Viola was born in Hong Kong, and later moved to Belgium before settling in Vancouver. She was diagnosed with Parkinson’s in 1993 and has since been an active member of PSBC’s Chinese Support Group. Recently, she has taken up acrylic painting as a hobby.
Dan was diagnosed with Parkinson’s in 2007, but he didn’t let that get in the way of his lifelong interest in cycling. At the age of 81, Dan began a cross-Canada cycling journey on his recumbent bike. Other trips have included cycling from Vancouver to California and through Europe.
One of the first illustrations of Parkinson’s disease (PD) was published in 1886 and since then, it has been widely understood as a disease that only affects the senior population, primarily characterized by shaking. The truth is that PD affects individuals of all ages, ethnicities and genders. It doesn’t discriminate, and that’s the message that Parkinson Society British Columbia (PSBC) is looking to promote during Parkinson’s Awareness Month this April. PD manifests itself through a wide spectrum of symptoms. While there are many potential challenges, it is important to keep in mind that the disease is unique to every individual.
Here are four lesser known facts about Parkinson’s disease:
- People with Parkinson’s may experience complications with communication & swallowing. Hypokinetic dysarthria, a speech disorder that causes rigidity and slowness in breathing, swallowing, voice and speech, is a condition that can affect individuals with Parkinson’s. Individuals that experience these symptoms may report feelings of increased social isolation and difficulty communicating their needs to health care providers and care partners. A speech language pathologist (SLP) can help provide treatment for this condition. One way to learn more about communication & swallowing difficulties is by attending one of our workshops facilitated by a SLP trained in the Lee Silverman Voice Treatment (LSVT) LOUD method. These events are interactive and participatory in nature, and provide attendees with the tools they need to manage their symptoms.
- Exercise has been proven to help manage Parkinson’s symptoms. Experts have concluded that exercise can help with symptom management and even slow disease progression. National Parkinson Foundation’s Parkinson’s Outcome Project has identified that the most beneficial exercise should be consistent and intense enough to induce heavy breathing and increase heart rate. This is why many of PSBC’s programs and events encourage active living – from fundraising events such as The Parkinson’s Movement, to our train-the-trainer workshops with Parkinson’s Wellness Recovery (PWR!) and Dance for PD®.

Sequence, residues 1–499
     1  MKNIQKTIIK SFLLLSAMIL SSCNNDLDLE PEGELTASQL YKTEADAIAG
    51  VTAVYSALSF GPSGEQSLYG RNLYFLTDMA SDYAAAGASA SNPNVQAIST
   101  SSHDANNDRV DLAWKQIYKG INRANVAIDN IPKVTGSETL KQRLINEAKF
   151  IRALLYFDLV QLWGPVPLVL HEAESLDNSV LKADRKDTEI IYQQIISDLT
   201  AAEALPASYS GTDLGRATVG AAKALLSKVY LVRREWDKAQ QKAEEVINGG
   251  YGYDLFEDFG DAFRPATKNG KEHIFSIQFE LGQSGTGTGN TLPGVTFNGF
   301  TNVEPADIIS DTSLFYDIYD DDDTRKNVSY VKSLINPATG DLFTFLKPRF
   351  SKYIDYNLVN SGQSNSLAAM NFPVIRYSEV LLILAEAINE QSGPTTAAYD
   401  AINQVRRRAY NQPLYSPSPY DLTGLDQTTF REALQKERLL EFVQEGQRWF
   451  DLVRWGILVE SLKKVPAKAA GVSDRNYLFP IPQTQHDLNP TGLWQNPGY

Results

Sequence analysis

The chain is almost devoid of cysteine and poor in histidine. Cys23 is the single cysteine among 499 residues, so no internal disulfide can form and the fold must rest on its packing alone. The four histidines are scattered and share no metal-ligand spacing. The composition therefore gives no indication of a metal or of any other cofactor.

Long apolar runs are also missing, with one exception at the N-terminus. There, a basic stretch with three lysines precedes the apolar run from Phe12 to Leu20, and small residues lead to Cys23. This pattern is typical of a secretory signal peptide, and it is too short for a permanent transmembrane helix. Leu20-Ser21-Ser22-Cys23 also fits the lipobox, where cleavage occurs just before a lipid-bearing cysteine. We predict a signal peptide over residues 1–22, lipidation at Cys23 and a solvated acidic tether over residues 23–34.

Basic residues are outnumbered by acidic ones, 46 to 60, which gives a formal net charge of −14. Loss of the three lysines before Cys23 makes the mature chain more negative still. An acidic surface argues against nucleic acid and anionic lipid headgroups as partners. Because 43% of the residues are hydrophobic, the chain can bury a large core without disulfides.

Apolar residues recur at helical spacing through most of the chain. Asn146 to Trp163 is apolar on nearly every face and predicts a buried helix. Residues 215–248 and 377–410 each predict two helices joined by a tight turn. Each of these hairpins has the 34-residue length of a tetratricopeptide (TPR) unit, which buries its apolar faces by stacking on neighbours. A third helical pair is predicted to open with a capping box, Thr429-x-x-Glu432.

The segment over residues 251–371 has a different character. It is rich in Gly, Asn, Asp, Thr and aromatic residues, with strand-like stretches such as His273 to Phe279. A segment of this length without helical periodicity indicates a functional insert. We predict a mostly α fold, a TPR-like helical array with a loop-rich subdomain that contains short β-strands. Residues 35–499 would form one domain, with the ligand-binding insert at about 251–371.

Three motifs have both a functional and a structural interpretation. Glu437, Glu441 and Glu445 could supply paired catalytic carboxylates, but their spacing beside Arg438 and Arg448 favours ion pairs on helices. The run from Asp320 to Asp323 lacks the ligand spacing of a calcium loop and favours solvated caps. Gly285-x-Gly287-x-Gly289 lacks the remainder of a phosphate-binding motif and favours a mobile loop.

- At least 50% of people with Parkinson’s disease experience depression and/or anxiety. Disruption in natural sleep-wake cycle can contribute to daytime fatigue. This, in combination with changes in brain chemistry, can lead to mood changes, such as depression and anxiety. PSBC encourages individuals who may be experiencing these symptoms to turn to their doctor and support networks for help. Our support groups meet regularly in over 50 communities across British Columbia. For those looking for specialized, one-on-one counselling support, PSBC has two clinical counsellors on staff available for free, short-term sessions. These sessions are 100% confidential and can take place in person at our downtown office, by phone or over skype.
- British Columbians with Parkinson's disease may have to wait 18 to24 months to see a movement disorder specialist. Due to the complexity of PD, general practitioners often refer patients to a neurologist who specializes in movement disorders. As there are only three movement disorder clinics in B.C., the waitlists are often long. Patterns of hospitalizations strongly suggest that unless a patient with Parkinson’s is under the care of a movement disorder specialist, their overall condition will worsen. It is for this reason that PSBC has identified reducing wait list times as one of their main advocacy efforts. Increased awareness around the disease as well as continued advocacy for people with Parkinson’s is necessary to improve the lives of those living with PD.
For more information on Parkinson’s disease or any of PSBC’s programs, services and resources visit our website at www.parkinson.bc.ca or call 1 800 668 3330. You can download a version of this article here.
You are not alone, we are here to help.
We are pleased to report that the following communities have issued official proclamations in recognition of Parkinson’s Awareness Month in 2017:
The following landmarks will light up in PSBC colours to recognize International Parkinson's Awareness Day on Tuesday, April 11, 2017:
- Sails of Light at Canada Place, Vancouver
- Science World, Vancouver
Keep an eye out for our ads in the following publications on April 5 and April 7, 2017:
- Abbotsford News
- Chilliwack Progress
- Kelowna Capital News
- Maple Ridge News
- Vernon Morning Star
Advertisements will be visible on public transit beginning in early April in the following communities:
- Vancouver (Waterfront skytrain wall mural and interior skytrain ads)
- Victoria (interior bus ads)
- Kelowna (interior bus ads)
- Prince George (interior bus ads)
For media inquiries regarding this campaign, or to arrange for an interview with a featured person with Parkinson's, please contact:
We wish to express our most profound gratitude to Mr. Anders Leines, a Norwegian video journalist who was diagnosed with Parkinson's seven years ago. His 2015 campaign, This is Parkinson’s, exhibited in his home country, provided inspiration for ours. We are thankful for his guidance in helping us transform our vision into a reality [read more].